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Philip, son of John Shakspere, was baptized Sept. 21, 1591; Samuel, son of WILLIAM SHAK PERE,' was buried

Aug. 11, 1596. Mı. John Shakipere was buried Sept. 8, 1601. • John Hall, gent. and Susanna Shakspere were married

June 5, 1607. Mary Shakspere, widow, was buried Sept. 9, 1608. Gilbert Shakfpcre, adolefcens, was buried Feb. 3, 1611. Richard Shaklpere was buried Feb. 4, 1612. + Thomas Queeny and 1 Judith Shakspere were married

Feb. 10, 1616. WILLIAM SIIAK PERE , gentleman, was buried April

25, 1616 5. Mrs. Shakfpere was buried Aug. 6, 1623.

* This gentleman was a physician: he married the poet's cldest daughter. * Judith was the poet's youngest daughter.

As Shakespeare the poet married his wife from Shottery, a village near Stratford, poflibly he might become possessor of a re. markable house there, as part of her portion ; and jointly with his wite convey it as part of their daughter Judith's portion to Thomas Queeny. It is certain that one Queeny, an elderly gentleman, fold it to

Harvey, esq. of Stockton, near Southam, Warwickshire, father of John Harvey Thursby, esq. of Abing. ton, near Northampton; and that the aforesaid Harvey fold it again to Samuel Tyler, esq. whole fifters, as his heirs, now en

joy it.

il Died the 23d.

Ś No one hath protracted the life of Shakespeare beyond 1616, except Mr. Hume; who is pleased to add a year to it, in contra. diction to all manner of evidence.

FARMER ( The poet's widow. She died at the age of fixty-seven.

Extracts

125

Extracts from the Rev. Mr. Granger's Biographical

History of England.

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“ William SHAKESPEARE; ad orig.rab. penes D. Harley;
Vertue (c. 1721; 410*."
• WILLIAM SHAKESPEARF, &c. Vertue fc. 1719.

Done
from the original, now in the poffeffion of Robert Keck of the Inner
Tone, Ela.t large b ."

" WILLIAM SHAKESPEARE. In the pression of John Nicoil of Southgate, Esq. Houbraken f. 1747; liluft. Heads."

WILLIAM SHAKESPEARE; Zouft' p. From a capital picture in the colle Erion of T. Wright, painter in Covent Garden. 7. Simon f. 5.sh. mezz..

“ This was painted in the reign of Charles II.”

* " The portrait paimed upon Mr. Pope (I use the words of the late Mr. Oldys in a MS. note to his edition of Langbaine) for an original of Shakespeare, from which he had his fine plate en. graven, is evidently a juvenile portrait of K. James 1.” I am no judge in there matiers, but only deliver an opinion, which if ill grounded, may be ealily overthrown. The portrait, to me at leait, has no traits of Shakespeare. The following observations are from the printed work of Mr. Granger,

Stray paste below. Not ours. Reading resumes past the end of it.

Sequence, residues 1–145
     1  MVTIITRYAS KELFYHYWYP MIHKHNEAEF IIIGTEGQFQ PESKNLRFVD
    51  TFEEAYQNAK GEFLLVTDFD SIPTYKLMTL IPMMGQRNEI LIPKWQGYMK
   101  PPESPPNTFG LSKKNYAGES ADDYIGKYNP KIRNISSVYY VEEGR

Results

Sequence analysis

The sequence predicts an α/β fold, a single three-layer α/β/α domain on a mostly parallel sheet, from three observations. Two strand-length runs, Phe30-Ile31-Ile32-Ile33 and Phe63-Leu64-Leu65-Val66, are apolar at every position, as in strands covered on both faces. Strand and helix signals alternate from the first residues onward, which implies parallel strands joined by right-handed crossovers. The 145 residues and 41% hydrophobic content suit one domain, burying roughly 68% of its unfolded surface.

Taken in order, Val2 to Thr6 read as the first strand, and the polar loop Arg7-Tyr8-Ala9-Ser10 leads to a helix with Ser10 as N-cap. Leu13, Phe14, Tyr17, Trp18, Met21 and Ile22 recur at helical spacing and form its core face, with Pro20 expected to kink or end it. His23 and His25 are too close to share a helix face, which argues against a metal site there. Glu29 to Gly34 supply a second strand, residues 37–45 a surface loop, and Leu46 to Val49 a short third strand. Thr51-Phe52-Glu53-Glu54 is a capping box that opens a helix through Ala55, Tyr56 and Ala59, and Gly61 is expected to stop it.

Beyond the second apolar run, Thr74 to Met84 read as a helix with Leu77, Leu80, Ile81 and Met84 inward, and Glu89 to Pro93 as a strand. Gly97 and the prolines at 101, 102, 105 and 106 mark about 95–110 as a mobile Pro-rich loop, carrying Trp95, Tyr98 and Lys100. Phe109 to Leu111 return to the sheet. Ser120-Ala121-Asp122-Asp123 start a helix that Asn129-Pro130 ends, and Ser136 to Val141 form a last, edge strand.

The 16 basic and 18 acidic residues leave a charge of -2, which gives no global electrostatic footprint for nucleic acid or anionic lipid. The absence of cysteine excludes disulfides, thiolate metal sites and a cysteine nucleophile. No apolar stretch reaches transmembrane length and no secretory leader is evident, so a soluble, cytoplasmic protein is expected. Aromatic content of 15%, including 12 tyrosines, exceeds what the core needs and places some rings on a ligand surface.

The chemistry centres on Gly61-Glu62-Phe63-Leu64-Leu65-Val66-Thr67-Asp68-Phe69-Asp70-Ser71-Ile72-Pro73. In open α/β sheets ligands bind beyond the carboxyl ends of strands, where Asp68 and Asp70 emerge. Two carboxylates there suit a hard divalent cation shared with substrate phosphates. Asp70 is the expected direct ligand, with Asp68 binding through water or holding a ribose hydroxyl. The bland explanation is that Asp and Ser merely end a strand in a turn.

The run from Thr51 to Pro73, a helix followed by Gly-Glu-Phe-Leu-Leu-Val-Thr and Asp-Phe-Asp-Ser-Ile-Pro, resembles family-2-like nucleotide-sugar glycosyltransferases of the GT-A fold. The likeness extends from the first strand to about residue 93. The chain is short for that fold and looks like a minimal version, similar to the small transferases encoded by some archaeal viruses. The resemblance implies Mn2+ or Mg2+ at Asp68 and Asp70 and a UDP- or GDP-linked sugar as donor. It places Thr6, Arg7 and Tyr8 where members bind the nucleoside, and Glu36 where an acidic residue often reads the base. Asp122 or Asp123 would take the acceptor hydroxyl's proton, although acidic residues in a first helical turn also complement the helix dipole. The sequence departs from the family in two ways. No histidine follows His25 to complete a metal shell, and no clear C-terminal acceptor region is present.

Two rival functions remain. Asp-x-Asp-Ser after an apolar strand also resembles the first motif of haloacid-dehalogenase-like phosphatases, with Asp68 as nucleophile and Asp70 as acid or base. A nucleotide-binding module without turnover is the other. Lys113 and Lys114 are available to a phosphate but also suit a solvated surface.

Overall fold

STEEVENS. * “ It has been faid that there never was an original portrait of Shakespeare; but that Sir Thomas Ciarges, after his death, caused a portrait to be drawn for him, froin a person who nearly resembled him. Mr. Walpole informs me, that the only original picture of Shakespeare is that which belonged to Mr. Keck, from whom it palled to Mr. Nicoll, whose only daughter married the marquis of Caernarson, This agrees with what is said in the Cria tical Review for Dec. 1770, in relation to the fame portrait, which is there also said to have been “ painted either by Richard Burbage, or John Taylor the player, the latter of whom left it by du: Soseph? wil to Sir William Davenant. After his death, Betterton, the vi:page 2332280 actor, bought it; and when he died, Mr. Keck of the Temple gave forty guineas for it to Mrs. Barry the actress." Mr. Walpole adds, that Marshall's print is genuine too, and probably drawn from the life.”

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“ William SHAKESPEARE; W. Murshall sc. Frontifpiece to his poems, 1640; 12mo *.

“ William SHAKESPEARE; Arlaud del. Ducbange .

“ William SHAKESPEARE; J. Payne sc. He is represented with a laurel branch in his left hand."

“ WILLIAM SHAKESPEARF; L. du Guernier fc."

“ WILLIAM SHAKESPEARE; small; with several other beads, before Jacob's

Lives of the Dramatic Poets," 1719;

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8vo."

WILLIAM SHAKESPEARE, with the heads of Jonson, &c. b.fb. mezz.

Vol. II. p. 6. “ WILLIAM SHAKESPEARE. Frontispiece to his plays, Folio. 1623. Martin Drorfhout so t."